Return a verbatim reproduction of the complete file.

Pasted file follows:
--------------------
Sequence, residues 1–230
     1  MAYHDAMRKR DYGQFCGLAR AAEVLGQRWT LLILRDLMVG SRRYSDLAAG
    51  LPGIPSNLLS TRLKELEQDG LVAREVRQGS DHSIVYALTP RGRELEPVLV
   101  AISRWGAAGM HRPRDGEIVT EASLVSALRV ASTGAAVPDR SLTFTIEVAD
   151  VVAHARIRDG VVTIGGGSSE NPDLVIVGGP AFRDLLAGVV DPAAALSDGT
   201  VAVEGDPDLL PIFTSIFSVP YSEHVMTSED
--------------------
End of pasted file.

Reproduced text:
Sequence, residues 1–230
     1  MAYHDAMRKR DYGQFCGLAR AAEVLGQRWT LLILRDLMVG SRRYSDLAAG
    51  LPGIPSNLLS TRLKELEQDG LVAREVRQGS DHSIVYALTP RGRELEPVLV
   101  AISRWGAAGM HRPRDGEIVT EASLVSALRV ASTGAAVPDR SLTFTIEVAD
   151  VVAHARIRDG VVTIGGGSSE NPDLVIVGGP AFRDLLAGVV DPAAALSDGT
   201  VAVEGDPDLL PIFTSIFSVP YSEHVMTSED